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Evaluating the Synergism of Soluble Dietary Fiber With Fecal Microbiota Transplantation in Slow Transit Constipation

Information source: Jinling Hospital, China
ClinicalTrials.gov processed this data on August 23, 2015
Link to the current ClinicalTrials.gov record.

Condition(s) targeted: Slow Transit Constipation

Intervention: Pectin (Drug); Placebo (Other); Fecal microbiota transplantation (FMT) (Procedure)

Phase: Phase 2

Status: Recruiting

Sponsored by: Jinling Hospital, China

Official(s) and/or principal investigator(s):
Ning Li, MD, Study Director, Affiliation: Department of Generay Surgery, Jinling hosptal

Overall contact:
Jianfeng Gong, MD, Phone: +86-25-80860036, Email: gongjianfeng@aliyun.com

Summary

The purpose of this study is to evaluate the synergism of Soluble Dietary Fiber with Fecal Microbiota Transplantation in Adult Patients with Slow Transit Constipation.

Clinical Details

Official title: A Randomized, Controlled Study of Synergism of Soluble Dietary Fiber With Fecal Microbiota Transplantation in Adult Patients With Slow Transit Constipation

Study design: Allocation: Randomized, Endpoint Classification: Efficacy Study, Intervention Model: Parallel Assignment, Masking: Single Blind (Subject), Primary Purpose: Treatment

Primary outcome: Change of fecal bacteriology

Secondary outcome:

Clinical response evaluation

Change of fecal SCFAs

Change of colonic transit time and pressure

Usage of laxatives or enemas when necessary

Adverse events

Detailed description:

Constipation is a chronic disease estimated to affect about 10% - 15% of the worldwide

general population. Recent evidence in the literature and collected in our laboratory confirm that constipation can be a consequence of intestinal dysbiosis, which may affect the motility and metabolic environment of colon. Fecal Microbiota Transplantation (FMT) is temporarily effective for patients with slow transit constipation. However, the transplanted microflora cannot maintain for a long time. Along with the gut microbiota returning to the original state, the symptoms relapse. Pectin is a kind of soluble dietary fiber, producing short chain fatty acids (SCFAs) after a series of fermentation by gut flora to supply the energy for epithelial cells, regulate intestinal PH, promote intestinal motility and join effort in immune regulation with intestinal lymphoid tissue. Therefore, we conceive that pectin could promote the colonization of probiotics and reduce adhesion of pathogens.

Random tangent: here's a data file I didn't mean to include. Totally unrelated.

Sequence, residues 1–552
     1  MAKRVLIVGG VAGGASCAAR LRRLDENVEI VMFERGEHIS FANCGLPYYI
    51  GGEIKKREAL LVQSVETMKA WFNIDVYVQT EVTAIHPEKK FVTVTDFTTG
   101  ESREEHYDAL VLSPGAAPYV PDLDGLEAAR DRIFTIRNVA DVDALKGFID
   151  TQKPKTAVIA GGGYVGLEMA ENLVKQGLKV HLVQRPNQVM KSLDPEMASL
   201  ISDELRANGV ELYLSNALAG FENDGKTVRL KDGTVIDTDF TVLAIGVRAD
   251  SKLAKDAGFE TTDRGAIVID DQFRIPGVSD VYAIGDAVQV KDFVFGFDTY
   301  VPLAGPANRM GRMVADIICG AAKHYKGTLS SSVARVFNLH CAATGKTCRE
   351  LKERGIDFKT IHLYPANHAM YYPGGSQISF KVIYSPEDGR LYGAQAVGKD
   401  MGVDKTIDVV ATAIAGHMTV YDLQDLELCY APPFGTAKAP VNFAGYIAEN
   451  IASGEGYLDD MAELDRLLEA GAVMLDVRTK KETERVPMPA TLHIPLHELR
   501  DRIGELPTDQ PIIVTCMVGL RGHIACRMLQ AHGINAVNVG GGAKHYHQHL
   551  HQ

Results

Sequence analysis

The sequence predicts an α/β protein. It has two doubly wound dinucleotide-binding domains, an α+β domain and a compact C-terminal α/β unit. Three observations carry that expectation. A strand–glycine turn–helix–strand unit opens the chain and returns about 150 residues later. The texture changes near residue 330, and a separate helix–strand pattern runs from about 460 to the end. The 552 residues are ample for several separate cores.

Eligibility

Minimum age: 18 Years. Maximum age: N/A. Gender(s): Both.

Criteria:

Inclusion Criteria:

- Chronic constipation according to Rome III criteria

- Age ≥ 18 years

- BMI: 18. 5 - 25 kg/m2

- Slow transit constipation confirmed by a thorough examination (coexistence of mild

obstructed defecation syndrome is permitted)

- Traditional treatment with diet, laxatives (including osmotic, and stimulant

laxatives), enemas, and biofeedback tried over the past 6 months without success Exclusion Criteria:

- Bowel constipation due to innate factor (e. g. megacolon) or secondary interventions

(e. g. drugs, endocrine, metabolic, neurologic or psychologic disorders);

- History or evidence of gastrointestinal diseases (e. g. cancer, inflammatory bowel

diseases) ;

- Previous abdominal surgery, except cholecystectomy, appendicectomy, tubal ligation

and cesarean section;

- Previous proctological or perianal surgery;

- Rectal prolapse and/or grade 3-4 internal hemorrhoids according to AGA

classification;

- A constipation condition meeting the Rome III criteria for IBS or functional

abdominal pain syndrome;

- Pregnant or breast-feeding women;

- Infection with enteric pathogen;

- Usage of probiotics, prebiotics, antibiotics or PPIs within the last month;

- Smoking or alcohol addiction within the last 3 months;

- Uncontrolled hepatic, renal, cardiovascular, respiratory or psychiatric disease;

- Disease or therapy with drugs (e. g. antidepressants, opioid narcotic analgesics,

anticholinergics, calcium antagonists, nitrates, antimuscarinics) that, in the opinion of the investigator, could affect intestinal transit and microbiota.

Locations and Contacts

Jianfeng Gong, MD, Phone: +86-25-80860036, Email: gongjianfeng@aliyun.com

Department of Generay Surgery, Jinling hosptal, Medical School of Nanjing University, Nanjing, Jiangsu 210002, China; Recruiting
Ning Li, MD, Phone: +86-25-80860089, Email: liningrigs@vip.sina.com
Jianfeng Gong, MD, Principal Investigator
Chao Ding, MD candidate, Sub-Investigator
Hongliang Tian, PhD candidate, Sub-Investigator
Xiaolong Ge, MD candidate, Sub-Investigator
Additional Information

Starting date: December 2014
Last updated: August 15, 2015

Page last updated: August 23, 2015

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